Volvo's Speck: We want to be a luxury competitor in the U.S.
With so much currency fluctuation, is U.S. production part of Volvo’s long-term strategy?
Every car company has to be at least discussing that subject. We are not in a position to make comments about any specific plans; but if we weren’t considering options, you would have to say we weren’t paying attention.
After spending $1.7 billion last year to acquire Volvo from Ford Motor Co., the Chinese automaker Zhejiang Geely Holding Group now plans to spend as much as $11 billion on Volvo products and facilities over the next five years.
A growth strategy for the United States will be completed by the end of next month. Doug Speck, CEO of Volvo Cars of North America, says the plan will call for new vehicles and perhaps a U.S. plant eventually.
Last week, Speck, 52, was named acting senior vice president for marketing, sales and customer service at Volvo's headquarters in Sweden, effective June 1. He was interviewed by Staff Reporter Diana T. Kurylko at Volvo's U.S. headquarters in Rockleigh, N.J., prior to the reassignment.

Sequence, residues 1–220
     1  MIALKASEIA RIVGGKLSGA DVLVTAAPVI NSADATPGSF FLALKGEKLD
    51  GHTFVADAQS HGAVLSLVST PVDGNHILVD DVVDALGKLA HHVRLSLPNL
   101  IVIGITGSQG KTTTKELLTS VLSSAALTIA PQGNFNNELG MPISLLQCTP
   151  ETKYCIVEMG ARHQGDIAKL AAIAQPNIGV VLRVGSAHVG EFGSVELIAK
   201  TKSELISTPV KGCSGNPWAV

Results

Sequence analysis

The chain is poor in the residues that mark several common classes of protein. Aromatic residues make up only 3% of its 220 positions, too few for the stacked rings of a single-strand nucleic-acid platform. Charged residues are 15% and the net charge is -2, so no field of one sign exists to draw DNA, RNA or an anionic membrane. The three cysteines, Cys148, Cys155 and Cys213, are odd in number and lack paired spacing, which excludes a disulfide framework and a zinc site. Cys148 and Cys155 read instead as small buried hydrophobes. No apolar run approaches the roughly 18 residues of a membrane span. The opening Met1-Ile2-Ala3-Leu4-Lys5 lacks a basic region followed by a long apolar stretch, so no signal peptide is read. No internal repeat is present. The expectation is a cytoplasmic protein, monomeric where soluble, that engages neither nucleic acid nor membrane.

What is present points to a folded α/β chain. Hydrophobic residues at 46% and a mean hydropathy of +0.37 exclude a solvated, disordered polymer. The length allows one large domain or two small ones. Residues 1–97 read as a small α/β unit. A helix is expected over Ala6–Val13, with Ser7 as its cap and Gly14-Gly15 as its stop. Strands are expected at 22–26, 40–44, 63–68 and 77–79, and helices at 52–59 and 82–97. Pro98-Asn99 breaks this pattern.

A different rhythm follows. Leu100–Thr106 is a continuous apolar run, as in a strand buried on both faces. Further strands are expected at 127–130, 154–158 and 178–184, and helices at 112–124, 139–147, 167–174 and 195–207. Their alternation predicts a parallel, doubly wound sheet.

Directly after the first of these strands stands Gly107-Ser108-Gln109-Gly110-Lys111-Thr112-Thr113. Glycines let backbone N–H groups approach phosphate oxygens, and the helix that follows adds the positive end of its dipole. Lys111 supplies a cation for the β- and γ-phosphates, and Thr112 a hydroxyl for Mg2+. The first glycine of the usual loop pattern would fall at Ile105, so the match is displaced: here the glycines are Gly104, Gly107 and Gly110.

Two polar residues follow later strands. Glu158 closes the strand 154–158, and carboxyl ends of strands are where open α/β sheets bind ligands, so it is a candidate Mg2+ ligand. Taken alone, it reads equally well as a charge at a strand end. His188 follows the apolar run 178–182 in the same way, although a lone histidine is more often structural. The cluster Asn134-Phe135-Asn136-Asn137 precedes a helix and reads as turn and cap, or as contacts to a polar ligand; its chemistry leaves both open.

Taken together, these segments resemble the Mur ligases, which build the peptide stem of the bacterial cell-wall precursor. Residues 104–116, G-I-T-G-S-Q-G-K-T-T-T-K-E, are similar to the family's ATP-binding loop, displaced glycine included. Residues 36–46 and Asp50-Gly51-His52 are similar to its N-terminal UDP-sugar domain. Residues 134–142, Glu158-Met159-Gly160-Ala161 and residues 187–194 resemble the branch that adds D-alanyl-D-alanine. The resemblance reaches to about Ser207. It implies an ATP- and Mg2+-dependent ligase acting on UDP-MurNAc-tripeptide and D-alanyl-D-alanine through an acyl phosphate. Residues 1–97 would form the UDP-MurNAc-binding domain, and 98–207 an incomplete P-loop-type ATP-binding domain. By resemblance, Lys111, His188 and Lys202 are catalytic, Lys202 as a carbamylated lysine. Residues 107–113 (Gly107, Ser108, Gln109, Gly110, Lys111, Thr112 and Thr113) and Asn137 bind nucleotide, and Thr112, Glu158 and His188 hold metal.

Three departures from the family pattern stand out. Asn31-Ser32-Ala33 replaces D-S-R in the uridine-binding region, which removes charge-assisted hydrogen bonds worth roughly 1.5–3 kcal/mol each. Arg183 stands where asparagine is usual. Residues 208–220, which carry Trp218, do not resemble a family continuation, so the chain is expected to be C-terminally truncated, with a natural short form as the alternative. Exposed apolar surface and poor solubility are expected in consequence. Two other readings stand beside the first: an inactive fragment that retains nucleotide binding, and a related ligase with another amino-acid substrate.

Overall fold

Q: How many vehicles will you sell in 2011 in the United States?
A: 60,000 to 70,000 cars. Last year we sold about 54,500. There is some uncertainty out there related to what the effect of the Japanese disaster will be in terms of production.
Do you source much from Japan?
We have some sourcing from there -- electronics. It could affect our production. Most everyone in the automobile business is, but it is not clear how and, if so, how much.
What will drive your increase in 2011 sales?
Predominantly S60 sales. We sold slightly over 2,000 S60s last year because we stopped building it while we were changing over the plant. We could easily see ourselves selling 15,000 to 20,000 S60s this year -- a huge increment year-on-year from that car line.
Are you attracting conquests or is this pent-up Volvo owner demand?
Right now 45 percent of the volume is from Volvo owners; obviously, the other 55 percent is from other brands. The brands we see run the gamut -- about 20 to 25 percent are other luxury marques, and the other 20 to 25 percent are mass brand move-ups from Toyota, Honda, Ford.